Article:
Cooperatove Conservation Project

Nanty Glo Environmental Restoration

Clean up of acid coal mine water

Location: Northeastern/Mid-Atlantic Region: Pennsylvania

Project Summary: This project treats mine discharge water via a passive treatment system composed of 2 vertical flow ponds and a wetland.
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Photograph provided through Pennsylvania Department of Environmental Protection, Bureau of Abandoned Mine Reclaimation
Resource Challenge

Known locally as the Webster Discharge Project, this project is essential to efforts to restore Blacklick Creek, a large tributary to the Conemaugh River. Blacklick Creek is one of the most profoundly polluted streams in Pennsylvania. Acid drainage from the abandoned Webster Mine (bituminous coal) is one of four significant sources of pollution from abandoned mine discharge (AMD) drainage in the South Branch of Blacklick Creek.  Clean up of the water discharged from Webster is essential to restoring the watershed to a level capable of sustaining aquatic life.  Water from this discharge has been documented to have an average pH of 3.0, roughly the Ph of vinegar, a level at which almost no aquatic life can be sustained.


Examples of Key Partners
  • Cambria County Conservation & Recreation Authority (CCCRA)


  • Pennsylvania Department of Environmental Protection, Bureau of Abandoned Mine Reclamation (PADEP-BAMR)


  • The Blacklick Creek Watershed Association


  • Blacklick Valley Industrial Development Association


  • Western Pennsylvania Watershed Protection Program


  • U.S. Department of Interior, Office of Surface Mining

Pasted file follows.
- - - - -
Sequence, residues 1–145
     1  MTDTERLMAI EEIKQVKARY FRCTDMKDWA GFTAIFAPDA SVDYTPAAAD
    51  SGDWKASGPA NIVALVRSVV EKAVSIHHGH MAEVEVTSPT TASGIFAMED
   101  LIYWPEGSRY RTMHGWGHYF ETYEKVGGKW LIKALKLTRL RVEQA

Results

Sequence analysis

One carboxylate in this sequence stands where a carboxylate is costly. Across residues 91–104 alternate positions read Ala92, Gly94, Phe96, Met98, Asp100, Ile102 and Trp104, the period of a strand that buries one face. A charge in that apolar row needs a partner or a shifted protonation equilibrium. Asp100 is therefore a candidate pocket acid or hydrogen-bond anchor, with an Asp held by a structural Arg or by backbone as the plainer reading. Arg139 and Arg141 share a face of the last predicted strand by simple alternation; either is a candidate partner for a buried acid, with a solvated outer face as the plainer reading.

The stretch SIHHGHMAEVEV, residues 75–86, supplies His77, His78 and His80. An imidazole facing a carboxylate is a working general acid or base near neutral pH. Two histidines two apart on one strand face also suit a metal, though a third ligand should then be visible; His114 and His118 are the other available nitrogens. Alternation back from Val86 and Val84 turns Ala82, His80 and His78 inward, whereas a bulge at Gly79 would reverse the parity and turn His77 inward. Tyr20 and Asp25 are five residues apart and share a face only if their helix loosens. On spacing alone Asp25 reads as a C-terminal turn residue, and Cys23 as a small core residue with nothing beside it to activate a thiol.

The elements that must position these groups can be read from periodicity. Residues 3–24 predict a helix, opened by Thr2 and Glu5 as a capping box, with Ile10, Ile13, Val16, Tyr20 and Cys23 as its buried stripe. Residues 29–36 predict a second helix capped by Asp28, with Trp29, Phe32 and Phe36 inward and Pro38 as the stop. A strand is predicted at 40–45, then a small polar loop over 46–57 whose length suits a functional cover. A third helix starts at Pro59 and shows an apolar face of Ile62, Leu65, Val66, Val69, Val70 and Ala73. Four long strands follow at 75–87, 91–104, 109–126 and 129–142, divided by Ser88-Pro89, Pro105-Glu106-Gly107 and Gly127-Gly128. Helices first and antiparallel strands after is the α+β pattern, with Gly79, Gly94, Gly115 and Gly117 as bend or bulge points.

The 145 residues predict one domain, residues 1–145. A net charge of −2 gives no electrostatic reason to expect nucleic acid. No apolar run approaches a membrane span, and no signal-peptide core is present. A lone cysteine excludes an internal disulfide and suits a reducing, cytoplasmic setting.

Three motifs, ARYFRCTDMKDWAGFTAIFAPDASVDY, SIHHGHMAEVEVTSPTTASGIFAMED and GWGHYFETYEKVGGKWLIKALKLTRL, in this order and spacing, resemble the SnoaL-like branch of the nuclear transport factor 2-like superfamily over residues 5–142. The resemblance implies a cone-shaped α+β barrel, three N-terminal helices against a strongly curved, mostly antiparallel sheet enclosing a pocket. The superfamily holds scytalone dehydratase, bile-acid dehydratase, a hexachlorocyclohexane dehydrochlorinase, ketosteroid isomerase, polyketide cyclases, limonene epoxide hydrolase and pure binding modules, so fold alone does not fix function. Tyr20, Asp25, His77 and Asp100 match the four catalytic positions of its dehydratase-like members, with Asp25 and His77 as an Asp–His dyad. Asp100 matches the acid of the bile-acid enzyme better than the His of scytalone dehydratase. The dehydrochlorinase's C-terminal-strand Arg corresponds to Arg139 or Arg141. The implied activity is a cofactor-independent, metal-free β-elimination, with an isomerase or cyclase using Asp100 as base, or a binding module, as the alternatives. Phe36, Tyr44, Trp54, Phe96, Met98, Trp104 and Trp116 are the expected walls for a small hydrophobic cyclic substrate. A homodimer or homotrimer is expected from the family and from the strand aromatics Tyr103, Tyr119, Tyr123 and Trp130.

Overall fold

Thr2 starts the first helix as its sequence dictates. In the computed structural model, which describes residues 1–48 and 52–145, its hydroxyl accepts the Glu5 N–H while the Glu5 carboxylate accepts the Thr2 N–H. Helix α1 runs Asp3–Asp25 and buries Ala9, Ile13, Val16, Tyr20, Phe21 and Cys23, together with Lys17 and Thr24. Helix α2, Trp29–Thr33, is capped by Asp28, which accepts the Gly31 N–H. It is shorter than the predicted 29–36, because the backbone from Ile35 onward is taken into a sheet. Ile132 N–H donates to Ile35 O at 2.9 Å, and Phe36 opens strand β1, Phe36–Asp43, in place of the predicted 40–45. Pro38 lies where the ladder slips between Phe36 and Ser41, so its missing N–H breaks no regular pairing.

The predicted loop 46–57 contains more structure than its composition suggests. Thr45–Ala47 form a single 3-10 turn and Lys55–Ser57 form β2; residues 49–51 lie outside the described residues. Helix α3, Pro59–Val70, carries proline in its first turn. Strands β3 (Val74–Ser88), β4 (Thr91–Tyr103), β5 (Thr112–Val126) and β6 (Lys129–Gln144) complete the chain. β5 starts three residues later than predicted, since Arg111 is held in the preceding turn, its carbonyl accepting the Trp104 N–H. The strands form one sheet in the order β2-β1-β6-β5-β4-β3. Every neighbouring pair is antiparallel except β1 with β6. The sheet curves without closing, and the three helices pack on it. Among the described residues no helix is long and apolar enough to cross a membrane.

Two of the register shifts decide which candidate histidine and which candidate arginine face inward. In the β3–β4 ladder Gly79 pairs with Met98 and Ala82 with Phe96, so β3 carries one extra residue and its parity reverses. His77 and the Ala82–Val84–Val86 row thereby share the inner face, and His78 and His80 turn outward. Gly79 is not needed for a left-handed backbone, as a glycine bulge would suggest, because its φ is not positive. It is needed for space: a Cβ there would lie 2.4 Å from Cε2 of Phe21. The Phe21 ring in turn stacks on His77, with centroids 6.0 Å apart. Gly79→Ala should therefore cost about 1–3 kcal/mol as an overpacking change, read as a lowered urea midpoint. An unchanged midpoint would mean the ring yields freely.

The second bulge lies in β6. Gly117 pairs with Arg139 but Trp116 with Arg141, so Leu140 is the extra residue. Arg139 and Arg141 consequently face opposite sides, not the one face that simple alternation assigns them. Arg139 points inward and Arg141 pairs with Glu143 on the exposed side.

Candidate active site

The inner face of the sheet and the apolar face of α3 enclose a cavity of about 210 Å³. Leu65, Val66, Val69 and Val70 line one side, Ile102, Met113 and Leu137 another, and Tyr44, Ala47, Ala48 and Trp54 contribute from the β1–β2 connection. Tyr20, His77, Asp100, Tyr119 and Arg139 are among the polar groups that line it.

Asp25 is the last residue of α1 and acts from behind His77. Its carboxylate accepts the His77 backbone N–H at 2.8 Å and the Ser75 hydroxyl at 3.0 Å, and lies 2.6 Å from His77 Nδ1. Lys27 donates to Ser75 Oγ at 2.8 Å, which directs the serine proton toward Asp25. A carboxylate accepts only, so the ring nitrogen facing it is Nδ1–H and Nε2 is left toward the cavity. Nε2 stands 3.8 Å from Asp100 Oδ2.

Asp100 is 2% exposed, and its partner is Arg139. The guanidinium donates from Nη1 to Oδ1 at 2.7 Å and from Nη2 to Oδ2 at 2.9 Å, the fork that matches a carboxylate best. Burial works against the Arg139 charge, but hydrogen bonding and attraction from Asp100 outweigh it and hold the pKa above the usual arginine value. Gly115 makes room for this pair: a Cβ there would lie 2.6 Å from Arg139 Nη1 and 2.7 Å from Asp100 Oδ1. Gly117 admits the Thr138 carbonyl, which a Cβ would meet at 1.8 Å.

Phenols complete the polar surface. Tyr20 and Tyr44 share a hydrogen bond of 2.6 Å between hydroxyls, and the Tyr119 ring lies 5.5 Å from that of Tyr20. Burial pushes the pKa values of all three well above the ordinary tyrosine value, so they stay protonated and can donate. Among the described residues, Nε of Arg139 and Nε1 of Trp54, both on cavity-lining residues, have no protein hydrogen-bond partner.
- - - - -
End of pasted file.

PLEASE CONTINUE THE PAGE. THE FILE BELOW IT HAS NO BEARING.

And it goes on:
• The Pennsylvania Department of Transportation


  • The Borough of Nanty Glo


  • U.S. Army Corps of Engineers, Pittsburgh District


Results and Accomplishments

In order to remove this toxic source of pollution from the watershed, a passive treatment system was constructed.  The project, completed in October 2004, treats the Webster Mine Discharge by piping the water from the mine under State Route 471 and Pergrin Run and into the treatment system.  The 19-acre system was designed to treat a flow of 450 gallons per minute.  The water flows into two settling ponds which filter the water through a mixture of limestone and mushroom compost.  This process adds alkalinity to the water, raising the pH level to close to neutral (7.0).  Raising the pH causes the dissolved metals in the water, primarily iron and aluminum, to “drop out” of the water in the ponds.  Next, the water flows into the “finishing” wetland which completes raising the pH.  The water, now able to sustain aquatic life, is discharged into Pergrin Run which flows into the South Branch of Blacklick Creek just downstream of the treatment system.






The improved water helps to benefit the local communities of  Nanty Glo, Twin Rocks, Vintondale, Dilltown and Blacklick.  These are all old coal mining communities which were devastated by the loss of jobs when the mines closed.  Now the communities must endure “orange, sulfur-smelling” water.  The improvement of the water has made the area more attractive to outdoor recreationists and has resulted in new enterprises -- such as the Ghost Town Trail -- which has contributed to the economic and social recovery of these rural communities.




An incremental analysis was performed during project formulation and design to establish that a dual pond system was superior to a large single pond system for treating mine water in achieving aquatic ecosystem restoration objectives. The dual system was designed to fit within the limits of the available treatment site, and at no increase in overall project cost.

Project Contact
Kathleen J. Anderson
Project Manager
U.S. Army Corps of Engineers, Pittsburgh District
William Moorhead Federal Building, RM 2200 1000 Liberty Avenue
Pittsburgh, PA 15222
Delores Columbus
Executive Direction
Cambria County Conservation and Recreation Authority
401 Candlelight Drive, Suite 234
Ebensburg, PA 15931

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